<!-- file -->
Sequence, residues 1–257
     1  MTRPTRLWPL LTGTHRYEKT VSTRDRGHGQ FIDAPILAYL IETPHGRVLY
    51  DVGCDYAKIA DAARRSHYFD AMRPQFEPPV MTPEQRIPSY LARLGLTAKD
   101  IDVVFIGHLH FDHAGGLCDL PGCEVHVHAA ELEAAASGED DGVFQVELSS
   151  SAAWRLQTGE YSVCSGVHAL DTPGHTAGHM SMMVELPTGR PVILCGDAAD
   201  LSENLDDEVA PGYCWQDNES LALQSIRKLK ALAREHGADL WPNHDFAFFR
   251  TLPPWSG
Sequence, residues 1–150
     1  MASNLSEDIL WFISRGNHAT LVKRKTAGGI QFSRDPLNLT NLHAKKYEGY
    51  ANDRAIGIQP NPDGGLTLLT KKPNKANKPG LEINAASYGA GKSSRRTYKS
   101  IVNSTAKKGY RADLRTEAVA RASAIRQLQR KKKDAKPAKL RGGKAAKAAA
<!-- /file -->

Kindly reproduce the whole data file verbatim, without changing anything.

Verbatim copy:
Sequence, residues 1–257
     1  MTRPTRLWPL LTGTHRYEKT VSTRDRGHGQ FIDAPILAYL IETPHGRVLY
    51  DVGCDYAKIA DAARRSHYFD AMRPQFEPPV MTPEQRIPSY LARLGLTAKD
   101  IDVVFIGHLH FDHAGGLCDL PGCEVHVHAA ELEAAASGED DGVFQVELSS
   151  SAAWRLQTGE YSVCSGVHAL DTPGHTAGHM SMMVELPTGR PVILCGDAAD
   201  LSENLDDEVA PGYCWQDNES LALQSIRKLK ALAREHGADL WPNHDFAFFR
   251  TLPPWSG
Sequence, residues 1–150
     1  MASNLSEDIL WFISRGNHAT LVKRKTAGGI QFSRDPLNLT NLHAKKYEGY
    51  ANDRAIGIQP NPDGGLTLLT KKPNKANKPG LEINAASYGA GKSSRRTYKS
   101  IVNSTAKKGY RADLRTEAVA RASAIRQLQR KKKDAKPAKL RGGKAAKAAA